© 2022 CyberNews - Latest tech news,
product reviews, and analyses.

If you purchase via links on our site, we may receive affiliate commissions.

Workers exploit account access to harm former employers


While changes in staff are common, both employers and employees often struggle with following good cybersecurity practices when parting ways. According to the new research by Beyond Identity, this can cost companies everything as 56% of workers admit to using remaining account access to harm their ex-employer.

The offboarding process differs across organizations, with some putting less emphasis on securing digital information than others. Overall, 70% of survey participants were formally offboarded - 81% in the US and 64% in the UK.

Alarmingly, only 9% of those who were offboarded remembered having an IT specialist involved in the process. Most commonly, it was their boss (33%,) HR representative (31%,) or a co-worker (13%.)

Perhaps for this reason, the cybersecurity practices involved in the offboarding process were generally poorly followed or overlooked altogether. Only 50% of respondents said they had to return company devices, and 35% had to delete associated accounts. Similarly, the majority of employees did not take adequate precautions to erase their personal information, with only 40% deleting it from company devices.

As a result, upon leaving the organization, 83% of respondents ended up still having access to the digital assets of the company. Specifically, 35% had access to their email account and work-related materials, 31% - to company social media accounts, shared documents, and software, and 29% - to third-party system accounts.

While it might seem like most actions an employee can potentially take using this access are harmless, insider threats are a serious cyber risk. While many respondents (31%) said they used access to get the contact information of a fellow co-worker, an alarming 27% said they exploited their accounts to get their hands on company ideas. Similarly, 24% used their credentials to access financial information, passwords, and process-related documents.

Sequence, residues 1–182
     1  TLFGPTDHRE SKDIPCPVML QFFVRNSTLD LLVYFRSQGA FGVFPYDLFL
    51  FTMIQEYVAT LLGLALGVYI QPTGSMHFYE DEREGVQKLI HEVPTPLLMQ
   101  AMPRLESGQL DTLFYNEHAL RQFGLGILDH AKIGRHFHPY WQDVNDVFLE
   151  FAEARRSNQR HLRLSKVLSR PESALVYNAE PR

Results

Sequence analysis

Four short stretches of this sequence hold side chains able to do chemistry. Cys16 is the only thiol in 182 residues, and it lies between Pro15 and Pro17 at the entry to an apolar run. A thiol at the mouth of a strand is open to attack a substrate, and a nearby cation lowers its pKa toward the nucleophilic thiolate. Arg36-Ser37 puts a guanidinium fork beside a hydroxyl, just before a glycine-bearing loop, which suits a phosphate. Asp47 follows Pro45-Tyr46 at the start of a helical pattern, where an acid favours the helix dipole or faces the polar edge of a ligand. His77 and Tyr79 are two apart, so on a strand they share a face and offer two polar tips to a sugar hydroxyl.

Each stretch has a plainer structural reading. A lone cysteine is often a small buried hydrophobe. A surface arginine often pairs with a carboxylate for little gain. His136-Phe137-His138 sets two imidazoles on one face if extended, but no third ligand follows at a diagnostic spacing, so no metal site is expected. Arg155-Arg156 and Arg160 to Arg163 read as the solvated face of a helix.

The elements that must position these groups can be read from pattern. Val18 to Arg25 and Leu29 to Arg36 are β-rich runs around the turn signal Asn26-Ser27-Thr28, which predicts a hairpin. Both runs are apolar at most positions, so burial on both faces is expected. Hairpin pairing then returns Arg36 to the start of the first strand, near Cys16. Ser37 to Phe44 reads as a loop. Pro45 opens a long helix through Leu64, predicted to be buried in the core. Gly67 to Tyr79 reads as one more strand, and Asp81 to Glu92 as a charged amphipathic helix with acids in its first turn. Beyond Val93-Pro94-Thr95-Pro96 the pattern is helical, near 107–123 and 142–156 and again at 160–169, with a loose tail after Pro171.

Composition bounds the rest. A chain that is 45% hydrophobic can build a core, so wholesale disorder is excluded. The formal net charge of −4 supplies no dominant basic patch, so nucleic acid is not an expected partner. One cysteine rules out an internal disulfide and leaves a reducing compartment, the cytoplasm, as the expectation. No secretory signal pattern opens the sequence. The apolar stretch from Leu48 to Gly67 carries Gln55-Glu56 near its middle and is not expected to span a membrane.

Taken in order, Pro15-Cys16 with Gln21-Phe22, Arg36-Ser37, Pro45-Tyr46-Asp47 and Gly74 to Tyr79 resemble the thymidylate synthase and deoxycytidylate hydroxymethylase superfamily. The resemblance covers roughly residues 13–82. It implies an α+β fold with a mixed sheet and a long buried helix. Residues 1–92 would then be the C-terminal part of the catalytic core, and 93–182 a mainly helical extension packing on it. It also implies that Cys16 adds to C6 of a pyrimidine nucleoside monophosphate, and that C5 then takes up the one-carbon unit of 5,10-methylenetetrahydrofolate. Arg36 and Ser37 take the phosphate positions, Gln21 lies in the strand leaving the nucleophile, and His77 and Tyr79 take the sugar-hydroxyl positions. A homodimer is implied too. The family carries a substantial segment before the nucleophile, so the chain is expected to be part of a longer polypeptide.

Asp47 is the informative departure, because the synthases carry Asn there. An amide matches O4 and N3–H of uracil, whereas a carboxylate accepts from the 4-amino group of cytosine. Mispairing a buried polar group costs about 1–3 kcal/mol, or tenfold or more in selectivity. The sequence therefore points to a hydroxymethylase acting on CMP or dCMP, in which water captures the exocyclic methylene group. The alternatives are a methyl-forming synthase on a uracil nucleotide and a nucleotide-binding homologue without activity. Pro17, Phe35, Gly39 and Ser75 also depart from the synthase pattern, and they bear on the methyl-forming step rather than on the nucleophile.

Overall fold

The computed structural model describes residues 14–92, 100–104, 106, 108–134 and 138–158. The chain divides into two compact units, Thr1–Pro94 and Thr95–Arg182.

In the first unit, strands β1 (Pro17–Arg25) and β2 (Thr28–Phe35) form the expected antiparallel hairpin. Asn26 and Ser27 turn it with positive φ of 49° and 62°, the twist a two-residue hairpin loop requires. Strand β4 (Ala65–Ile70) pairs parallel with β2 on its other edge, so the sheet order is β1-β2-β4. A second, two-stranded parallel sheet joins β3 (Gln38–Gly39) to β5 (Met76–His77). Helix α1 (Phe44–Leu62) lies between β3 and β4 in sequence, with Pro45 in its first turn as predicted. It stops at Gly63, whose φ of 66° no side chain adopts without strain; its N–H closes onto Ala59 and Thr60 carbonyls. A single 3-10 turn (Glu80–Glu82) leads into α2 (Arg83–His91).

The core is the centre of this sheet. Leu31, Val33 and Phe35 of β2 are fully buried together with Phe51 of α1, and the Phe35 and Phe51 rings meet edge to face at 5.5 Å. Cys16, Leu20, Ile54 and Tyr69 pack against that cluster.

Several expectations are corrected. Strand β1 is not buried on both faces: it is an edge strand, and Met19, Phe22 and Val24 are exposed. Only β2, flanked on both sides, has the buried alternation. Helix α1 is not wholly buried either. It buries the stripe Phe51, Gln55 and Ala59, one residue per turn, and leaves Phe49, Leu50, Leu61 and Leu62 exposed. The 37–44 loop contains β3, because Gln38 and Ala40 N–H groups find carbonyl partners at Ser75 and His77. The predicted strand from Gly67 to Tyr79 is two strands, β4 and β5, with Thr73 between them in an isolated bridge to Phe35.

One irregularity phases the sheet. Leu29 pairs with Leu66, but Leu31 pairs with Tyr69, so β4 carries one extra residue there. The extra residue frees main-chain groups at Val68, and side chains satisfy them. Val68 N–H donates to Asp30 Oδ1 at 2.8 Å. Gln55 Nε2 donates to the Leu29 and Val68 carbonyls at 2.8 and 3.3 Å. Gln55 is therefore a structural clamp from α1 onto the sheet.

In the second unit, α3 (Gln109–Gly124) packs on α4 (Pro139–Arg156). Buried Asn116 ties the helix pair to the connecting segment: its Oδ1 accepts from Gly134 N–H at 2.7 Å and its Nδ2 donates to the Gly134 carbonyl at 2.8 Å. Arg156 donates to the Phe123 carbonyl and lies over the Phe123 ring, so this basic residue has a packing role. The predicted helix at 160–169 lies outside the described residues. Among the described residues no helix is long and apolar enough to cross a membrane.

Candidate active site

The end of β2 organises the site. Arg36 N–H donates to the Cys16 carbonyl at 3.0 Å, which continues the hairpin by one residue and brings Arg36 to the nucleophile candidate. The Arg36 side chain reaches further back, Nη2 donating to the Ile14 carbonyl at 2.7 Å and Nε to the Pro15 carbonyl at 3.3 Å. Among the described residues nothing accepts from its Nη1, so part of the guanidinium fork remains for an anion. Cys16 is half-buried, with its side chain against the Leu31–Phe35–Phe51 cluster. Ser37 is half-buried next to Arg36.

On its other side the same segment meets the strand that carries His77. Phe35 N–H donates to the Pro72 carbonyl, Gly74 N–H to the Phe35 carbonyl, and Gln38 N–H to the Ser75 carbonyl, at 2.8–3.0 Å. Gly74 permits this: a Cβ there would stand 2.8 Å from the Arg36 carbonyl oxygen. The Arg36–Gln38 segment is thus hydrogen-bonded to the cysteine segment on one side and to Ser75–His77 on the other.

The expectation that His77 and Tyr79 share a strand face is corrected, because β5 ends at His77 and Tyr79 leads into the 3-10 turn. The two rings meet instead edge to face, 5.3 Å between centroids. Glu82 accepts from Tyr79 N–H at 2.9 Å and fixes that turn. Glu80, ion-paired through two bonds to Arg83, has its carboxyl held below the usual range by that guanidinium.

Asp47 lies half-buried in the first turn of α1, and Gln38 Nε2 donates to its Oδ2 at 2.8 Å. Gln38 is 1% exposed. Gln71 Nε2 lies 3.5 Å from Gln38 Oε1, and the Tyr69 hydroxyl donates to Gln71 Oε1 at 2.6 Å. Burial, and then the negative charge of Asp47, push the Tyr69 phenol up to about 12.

Overall, more than 50% of respondents used remaining digital access to harm their former employer - this value rises to 70% for fired employees. As a result, business leaders reported having an employee unlawfully access their financial information (39%,) back end of the company website (36%,) or another worker’s email (33%.) Former employees also took company files (35%) and used a corporate account to access subscriptions (30%.)

It is crucial to take appropriate cybersecurity steps during the offboarding process for both sides. Employers should leave this in the hands of the IT department while employees should take care of their personal data stored on company devices.


More from CyberNews:

Uncle Sam's cyber nightmare – gaps in US national security exposed | CyberNews

If China were to spy on the US military on TikTok: three different defense scenarios | CyberNews

Nation-state actor suspected behind the Red Cross attack | CyberNews

Texas sues Meta for violating privacy protection policies | CyberNews

Top cybersecurity threats of 2022: report | CyberNews

Subscribe to our newsletter



Leave a Reply

Your email address will not be published. Required fields are marked